The platform claims tourism is one of the ‘few remaining industries’ left in the area and Michele herself believes the pylons will risk leaving the valleys ‘impoverished’.

“It’s a ‘David and Goliath’ situation, the multinationals are moving in and everyone is saying ‘no’”

Dr Robert

Of Andalucia’s 30.5 million tourists in 2018, 15.3% visited Granada, including the area where the pylons are to be built.

Along with hikers and cyclists, one of the most common types of visitors to the Alpujarras and the Lecrin Valley is the eco-tourist.

And many of those who are after a ‘greener’ holiday, away from the hustle and bustle of the Costa del Sol, end up at British expat Rita Islip’s hillside cortijo just outside Orgiva, the spiritual heart of the Alpujarras.

RURAL: British expat Rita Islip rents out her remote cortijo to those looking for a ‘greener’ holiday

“I don’t have fences or a pool but people want that back-to-nature experience,” she tells us as we sample her cold-pressed olive oil, made at her home, which she rents out to weary backpackers chasing down what remains of the area’s Moorish history.

OUTRAGED: Rita shows the Olive Press where the pylons will be built over her house

“I am very successful in that and I am quite unique, I’m booked up from June to August.

“It was a massive shock when I found out about the pylons after 36 years of living like this, it’s going to be very harmful for tourism.

“People come here from all over the world, but they won’t want to come here anymore if its ugly and spoiled.”

And Rita is more affected than most, as she points to where the pylons will fly invasively, directly over her house.

Her anger is shared by neighbour Ian who popped by with architectural plans to show us how both their houses, and their other neighbour Dan’s, are not even recognised by Red Electrica.

NOT RECOGNISED: Local resident Ian shows the Olive Press how the architectural plans fail to include his and his neighbours’ houses

Pointing to the three blue marks he has added to symbolise their homes, you get a sense of the scale of the fight that residents of ‘Driving Over Lemons’ country are up against.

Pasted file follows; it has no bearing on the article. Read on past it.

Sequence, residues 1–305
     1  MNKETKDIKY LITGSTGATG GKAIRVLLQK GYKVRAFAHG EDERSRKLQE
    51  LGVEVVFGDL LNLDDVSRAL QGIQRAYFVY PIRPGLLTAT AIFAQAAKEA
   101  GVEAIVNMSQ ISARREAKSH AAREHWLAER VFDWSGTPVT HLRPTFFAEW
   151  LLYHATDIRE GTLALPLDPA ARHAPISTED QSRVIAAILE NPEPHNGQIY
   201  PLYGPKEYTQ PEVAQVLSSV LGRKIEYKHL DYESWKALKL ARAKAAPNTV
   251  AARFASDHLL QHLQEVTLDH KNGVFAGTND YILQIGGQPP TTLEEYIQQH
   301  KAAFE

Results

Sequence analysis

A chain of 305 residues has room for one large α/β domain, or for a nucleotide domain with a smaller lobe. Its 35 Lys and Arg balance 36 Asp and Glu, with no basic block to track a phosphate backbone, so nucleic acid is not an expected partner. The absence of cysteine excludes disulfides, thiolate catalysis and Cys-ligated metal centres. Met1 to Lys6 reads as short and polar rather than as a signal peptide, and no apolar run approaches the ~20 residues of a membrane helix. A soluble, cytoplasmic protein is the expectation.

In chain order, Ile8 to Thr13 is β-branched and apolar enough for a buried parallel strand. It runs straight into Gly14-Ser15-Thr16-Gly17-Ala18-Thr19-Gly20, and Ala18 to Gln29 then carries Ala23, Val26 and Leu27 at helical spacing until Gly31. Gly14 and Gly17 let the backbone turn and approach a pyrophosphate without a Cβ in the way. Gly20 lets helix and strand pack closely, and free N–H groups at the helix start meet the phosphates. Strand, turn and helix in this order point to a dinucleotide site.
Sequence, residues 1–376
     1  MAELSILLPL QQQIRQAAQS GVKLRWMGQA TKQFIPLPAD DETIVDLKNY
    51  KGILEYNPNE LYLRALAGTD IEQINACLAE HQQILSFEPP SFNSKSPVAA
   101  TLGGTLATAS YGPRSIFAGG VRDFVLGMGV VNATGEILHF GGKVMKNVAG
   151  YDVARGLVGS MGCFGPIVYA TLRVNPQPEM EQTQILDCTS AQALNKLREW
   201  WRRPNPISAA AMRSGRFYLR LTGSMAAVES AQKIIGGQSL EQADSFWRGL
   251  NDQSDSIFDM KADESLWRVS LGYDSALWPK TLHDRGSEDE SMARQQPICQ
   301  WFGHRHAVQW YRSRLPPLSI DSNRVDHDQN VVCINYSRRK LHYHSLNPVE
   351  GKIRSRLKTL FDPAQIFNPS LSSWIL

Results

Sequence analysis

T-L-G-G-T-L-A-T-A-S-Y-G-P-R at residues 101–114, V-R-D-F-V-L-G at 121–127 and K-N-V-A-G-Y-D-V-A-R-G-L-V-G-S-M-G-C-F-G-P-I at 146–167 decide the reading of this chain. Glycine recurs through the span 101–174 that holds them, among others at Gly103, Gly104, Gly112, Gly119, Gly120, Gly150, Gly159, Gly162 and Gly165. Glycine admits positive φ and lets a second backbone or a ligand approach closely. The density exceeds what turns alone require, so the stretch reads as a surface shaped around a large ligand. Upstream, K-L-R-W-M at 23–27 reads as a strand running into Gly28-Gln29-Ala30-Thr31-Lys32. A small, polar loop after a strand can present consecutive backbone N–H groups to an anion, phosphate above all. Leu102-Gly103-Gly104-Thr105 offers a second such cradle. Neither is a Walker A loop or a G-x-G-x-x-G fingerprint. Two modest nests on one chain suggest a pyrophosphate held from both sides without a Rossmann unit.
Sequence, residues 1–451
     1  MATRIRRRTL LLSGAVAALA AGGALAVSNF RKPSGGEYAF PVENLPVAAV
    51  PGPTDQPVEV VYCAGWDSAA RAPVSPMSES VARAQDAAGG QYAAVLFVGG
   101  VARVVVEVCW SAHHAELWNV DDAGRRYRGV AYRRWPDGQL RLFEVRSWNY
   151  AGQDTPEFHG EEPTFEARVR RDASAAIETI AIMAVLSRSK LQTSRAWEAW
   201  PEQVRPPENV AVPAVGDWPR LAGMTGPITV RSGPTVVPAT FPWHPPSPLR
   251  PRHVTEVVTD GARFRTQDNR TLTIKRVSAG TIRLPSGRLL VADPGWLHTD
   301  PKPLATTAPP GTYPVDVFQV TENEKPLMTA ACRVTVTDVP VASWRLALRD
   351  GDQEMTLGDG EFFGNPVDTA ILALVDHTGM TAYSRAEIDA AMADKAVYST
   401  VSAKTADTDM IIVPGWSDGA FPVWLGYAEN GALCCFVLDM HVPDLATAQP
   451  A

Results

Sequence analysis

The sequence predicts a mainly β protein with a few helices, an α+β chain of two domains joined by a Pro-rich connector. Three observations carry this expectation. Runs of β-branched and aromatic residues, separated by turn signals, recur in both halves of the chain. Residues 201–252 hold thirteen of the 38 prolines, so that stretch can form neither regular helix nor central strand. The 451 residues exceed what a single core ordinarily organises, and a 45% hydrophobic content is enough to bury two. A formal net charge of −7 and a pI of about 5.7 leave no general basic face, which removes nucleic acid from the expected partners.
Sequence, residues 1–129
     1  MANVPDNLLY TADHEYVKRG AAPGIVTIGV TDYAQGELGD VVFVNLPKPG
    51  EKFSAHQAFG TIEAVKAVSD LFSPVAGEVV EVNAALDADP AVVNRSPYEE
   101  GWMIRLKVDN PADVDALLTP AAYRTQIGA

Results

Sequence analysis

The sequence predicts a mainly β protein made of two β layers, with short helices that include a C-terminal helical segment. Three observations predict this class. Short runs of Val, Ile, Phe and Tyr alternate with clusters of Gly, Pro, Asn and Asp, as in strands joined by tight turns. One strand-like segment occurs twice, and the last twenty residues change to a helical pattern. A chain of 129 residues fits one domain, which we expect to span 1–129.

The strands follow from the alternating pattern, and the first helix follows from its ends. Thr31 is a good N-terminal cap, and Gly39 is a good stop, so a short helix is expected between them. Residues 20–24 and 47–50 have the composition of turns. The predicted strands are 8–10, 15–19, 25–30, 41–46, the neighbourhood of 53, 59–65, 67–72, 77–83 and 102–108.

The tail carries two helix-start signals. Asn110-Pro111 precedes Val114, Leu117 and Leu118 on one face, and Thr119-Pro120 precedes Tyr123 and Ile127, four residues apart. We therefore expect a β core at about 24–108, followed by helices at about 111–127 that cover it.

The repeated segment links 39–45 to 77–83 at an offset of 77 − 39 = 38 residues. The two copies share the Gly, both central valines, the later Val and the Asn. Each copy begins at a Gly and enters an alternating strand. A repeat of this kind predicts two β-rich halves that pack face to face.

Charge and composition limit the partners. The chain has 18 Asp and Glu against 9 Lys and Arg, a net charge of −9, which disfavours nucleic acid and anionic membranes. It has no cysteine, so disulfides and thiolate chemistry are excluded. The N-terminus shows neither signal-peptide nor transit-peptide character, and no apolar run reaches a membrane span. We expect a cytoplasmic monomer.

The situation is best described by Dr Robert, of the Blow Monkeys, who shares a house in the hills with his wife Michele.

“It’s a ‘David and Goliath’ situation,” he told us. “The multinationals are moving in and everyone is saying ‘no’.”

PARADISE LOST: Dr Robert of the Blow Monkey’s whose rural lifestyle is now threatened

Red Electrica, Spain’s main electricity supplier, is a multinational in the truest sense.

Rumours have been rife about the why the €1.4 billion-a-year company plans to install its electricity scheme.

Local residents claim the pylons set to tear their lives apart are transferring solar-generated electricity from Morocco to France, via Almeria.

“I get the impression the rest of Spain view the Alpujarras as some backwards place where the Moors once lived”

Ian

But the energy giant assured the Olive Press this week that it has ‘nothing to do with taking electricity from Morocco’.

“It’s a project for a region that is not sufficiently connected to the grid,” insisted spokesman Jose Montero.

“It’s true that a number of foreigners will be impacted, but there are thousands of people in Granada demanding more energy.”

RESPONSIBLE: The Spanish multinational is behind the ambitious pylon plans

But despite Red Electrica claiming they have been down to speak to local residents, the company’s plans do appear to show a lack of care for the area, its history and its current populations.

“I get the impression the rest of Spain view the Alpujarras as some backwards place where the Moors once lived,” Ian told us before he rushed off down the valley to help Michele and the others file the last of the alegaciones forms before the deadline.

This is a view shared by most people who live in the valleys.

ANGRY: Founding member of Genesis Chris Stewart told the Olive Press that the place he calls home is being destroyed

And none more so than Chris Stewart, whose arcadia escape now seems destined to become an area many may want to flee from.

“Once again private financial interests are riding roughshod over the will and the rights of the people, leaving as ever a wake of destruction,” he told the Olive Press.

Red Electrica remains firm that the route would not be moved, however admitted ‘minor adjustments’ could be made.

Either way, it confirmed that the thousands of alegaciones will now be studied and more announcements will be made later this year.

In the meantime, the Olive Press has started its first campaign of the year – putting a stop to the pylons in the Lecrin Valley and the Alpujarras.